Search This Blog

Sunday, March 25, 2012


A year ago—no, even a few months ago—if you had tried to tell me that Cainan should be in a regular classroom, in the general education environment I would have thought you were crazy.  I would have argued that you didn’t know Cainan, didn’t know what his needs were and I would have advocated for him to stay in his safe MAPS classroom where he is successfully learning the curriculum they are teaching him.  Why on earth would I want him to be in a setting where he might have a hard time keeping up, where the class size is so much larger and he would get less individualized attention, where other kids could be cruel and bully him and no one would notice?  I would have thought you were out of your mind to suggest it.

Now I am the one, not only suggesting it but actively championing it.  Why the complete 
turn-around? You could say I had my whole world turned upside down after just one short weekend at Partners in Policymaking, where my preconceived notions were challenged, my eyes were opened to the reality of disability in our culture and I was given a proper education on the possibilities for people with disability.  Each weekend at PIP thereafter, has provided me with even more information and tools to advocate for the best interests of my son.

The challenge now, is not just for Cainan to be included within our society at large, but getting the same message to other parents who are doing their best to advocate for their children’s needs, but like me, may not have ever received the whole picture or were able to dream of the possibilities.
I don’t want to overwhelm anyone with too much information, nor turn people off by getting on a soap box and preaching “Inclusion! Inclusion! Inclusion!”  Instead I’d like to leave you with a few bullet points to mull over and consider why inclusive practices may be a lot more important than you ever believed.  If you are left challenged and wondering what you’re going to do now, let me know.  I’d LOVE to give you the hope that I’ve recently found and connect you with other parents on the same life-changing track.  Here are some of the things that were eye opening for me:

  •  What do you hope and dream for your child’s future?  Do you expect once they graduate from school that they will live below the poverty level, isolated from their peers without the skills or resources to make it in the real world without their rights being taken away (e.i. guardianship) and being completely dependent on social workers?  Ugly picture isn’t it?  This is exactly what I had in mind for Cainan, but I never looked at this way.  I thought it would be nice that he wouldn’t have to worry about working when he grew up because he could rely on Social Security (which would place him below the poverty level).  I had hope that he might have some independence but I expected that we would probably get guardianship of him so we could help him with is finances and make important decisions for him (that means we would have to strip him of his rights, declaring that he is incapable of making decisions for himself and he would essentially be treated as a child regardless of his age or maturity).  I couldn’t really imagine a way for him to be independent because I had no experience with adults with disabilities that are successful and independent—they are out there and they can assure you it’s possible!!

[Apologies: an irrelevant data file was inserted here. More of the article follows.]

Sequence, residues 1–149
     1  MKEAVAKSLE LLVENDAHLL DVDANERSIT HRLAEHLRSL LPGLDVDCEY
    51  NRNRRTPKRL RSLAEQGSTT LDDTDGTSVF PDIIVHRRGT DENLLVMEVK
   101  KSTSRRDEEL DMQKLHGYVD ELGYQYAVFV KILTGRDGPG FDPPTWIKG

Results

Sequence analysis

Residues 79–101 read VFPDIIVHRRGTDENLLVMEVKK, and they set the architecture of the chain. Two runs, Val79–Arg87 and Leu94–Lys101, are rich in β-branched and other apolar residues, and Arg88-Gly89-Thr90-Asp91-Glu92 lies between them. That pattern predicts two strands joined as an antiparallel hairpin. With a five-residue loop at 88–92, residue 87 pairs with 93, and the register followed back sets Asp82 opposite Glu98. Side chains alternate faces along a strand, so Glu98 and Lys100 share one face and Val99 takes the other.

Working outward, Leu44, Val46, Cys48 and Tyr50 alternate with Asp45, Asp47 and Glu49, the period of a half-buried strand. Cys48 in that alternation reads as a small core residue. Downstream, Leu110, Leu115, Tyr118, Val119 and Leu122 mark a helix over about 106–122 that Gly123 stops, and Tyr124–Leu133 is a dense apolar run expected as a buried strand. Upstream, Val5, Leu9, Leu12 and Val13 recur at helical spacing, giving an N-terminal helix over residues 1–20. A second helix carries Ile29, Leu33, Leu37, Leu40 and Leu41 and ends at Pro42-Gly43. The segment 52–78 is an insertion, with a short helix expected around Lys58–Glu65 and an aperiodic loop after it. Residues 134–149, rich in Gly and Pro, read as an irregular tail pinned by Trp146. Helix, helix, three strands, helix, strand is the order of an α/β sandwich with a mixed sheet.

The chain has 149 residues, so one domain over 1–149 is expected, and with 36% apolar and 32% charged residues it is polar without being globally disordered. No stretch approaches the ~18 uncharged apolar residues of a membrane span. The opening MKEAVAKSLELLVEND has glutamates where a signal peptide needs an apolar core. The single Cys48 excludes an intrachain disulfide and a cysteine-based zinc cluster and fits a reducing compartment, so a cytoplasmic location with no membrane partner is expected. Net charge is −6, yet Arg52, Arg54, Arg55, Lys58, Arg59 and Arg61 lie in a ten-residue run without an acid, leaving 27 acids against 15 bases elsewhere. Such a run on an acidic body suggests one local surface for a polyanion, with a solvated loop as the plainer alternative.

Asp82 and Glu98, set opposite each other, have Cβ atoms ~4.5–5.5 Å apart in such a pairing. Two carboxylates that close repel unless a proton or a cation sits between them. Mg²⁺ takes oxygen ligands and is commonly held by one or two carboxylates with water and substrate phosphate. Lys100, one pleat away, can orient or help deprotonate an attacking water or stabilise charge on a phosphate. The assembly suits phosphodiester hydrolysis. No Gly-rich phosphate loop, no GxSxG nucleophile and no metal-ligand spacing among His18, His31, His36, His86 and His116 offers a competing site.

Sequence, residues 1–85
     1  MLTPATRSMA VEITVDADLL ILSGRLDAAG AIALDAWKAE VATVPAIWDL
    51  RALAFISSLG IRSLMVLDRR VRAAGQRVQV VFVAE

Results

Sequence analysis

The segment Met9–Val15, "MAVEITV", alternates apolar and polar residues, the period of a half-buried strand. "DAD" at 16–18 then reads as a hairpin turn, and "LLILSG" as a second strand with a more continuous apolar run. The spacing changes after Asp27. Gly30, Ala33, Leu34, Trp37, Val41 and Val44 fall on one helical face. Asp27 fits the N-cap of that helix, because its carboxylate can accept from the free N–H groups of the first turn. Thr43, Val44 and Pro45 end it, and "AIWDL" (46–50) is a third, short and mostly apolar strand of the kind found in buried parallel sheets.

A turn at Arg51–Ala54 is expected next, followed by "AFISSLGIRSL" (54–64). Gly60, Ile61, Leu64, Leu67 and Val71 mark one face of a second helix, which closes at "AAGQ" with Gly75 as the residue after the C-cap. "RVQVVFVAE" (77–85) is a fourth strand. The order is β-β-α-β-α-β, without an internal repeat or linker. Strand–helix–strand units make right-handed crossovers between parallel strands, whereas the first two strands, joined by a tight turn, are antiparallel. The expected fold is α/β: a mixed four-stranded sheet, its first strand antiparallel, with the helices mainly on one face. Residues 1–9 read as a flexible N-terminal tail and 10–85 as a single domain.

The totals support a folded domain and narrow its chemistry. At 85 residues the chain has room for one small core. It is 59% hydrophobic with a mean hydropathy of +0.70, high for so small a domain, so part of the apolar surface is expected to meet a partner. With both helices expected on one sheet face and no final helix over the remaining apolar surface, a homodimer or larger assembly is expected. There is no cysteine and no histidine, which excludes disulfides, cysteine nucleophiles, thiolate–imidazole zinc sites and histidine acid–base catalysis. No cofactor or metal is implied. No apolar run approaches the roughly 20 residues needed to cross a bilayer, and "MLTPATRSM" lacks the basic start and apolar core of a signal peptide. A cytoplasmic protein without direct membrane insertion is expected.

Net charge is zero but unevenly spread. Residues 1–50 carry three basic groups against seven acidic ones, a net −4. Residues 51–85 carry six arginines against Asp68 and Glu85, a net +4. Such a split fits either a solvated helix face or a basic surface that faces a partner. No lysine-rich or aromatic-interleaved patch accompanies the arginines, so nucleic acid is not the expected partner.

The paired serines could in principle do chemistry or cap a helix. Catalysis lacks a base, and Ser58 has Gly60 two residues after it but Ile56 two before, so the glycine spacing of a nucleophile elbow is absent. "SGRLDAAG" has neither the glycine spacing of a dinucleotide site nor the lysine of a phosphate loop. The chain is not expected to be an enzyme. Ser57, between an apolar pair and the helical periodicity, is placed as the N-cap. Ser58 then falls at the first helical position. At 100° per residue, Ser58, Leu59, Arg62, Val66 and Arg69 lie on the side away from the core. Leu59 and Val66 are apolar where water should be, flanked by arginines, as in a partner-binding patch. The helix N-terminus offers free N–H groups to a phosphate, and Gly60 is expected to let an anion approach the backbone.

• If you grow up in a safe, segregated environment, what happens when that environment suddenly disappears and you’re expected to cope with the real world, with people not like you, who have never met you nor established any kind of relationship with you? How isolated would you be?  While Cainan’s MAPS classroom is a “safe” environment, it’s not a real environment.  What’s the most important priority for him: learning to read to the 12th grade level or having meaningful relationships with peers who will be out in the real world when they grow up, making decisions, voting on policies, determining where their time and money is spent?  I realized we can reinforce his learning at home, but we can’t teach him appropriate social skills (that’s best learned by immersion with those who have them naturally) and we can’t help him make life-long friendships unless he’s exposed to all different kinds of kids.  We can’t teach him how to advocate for himself unless he has the opportunity to address his peers, explain who he is and spend quality time among them.  Nor can his peers be expected to learn compassion, patience and appreciation for all our differences if they are never exposed to anyone with differences.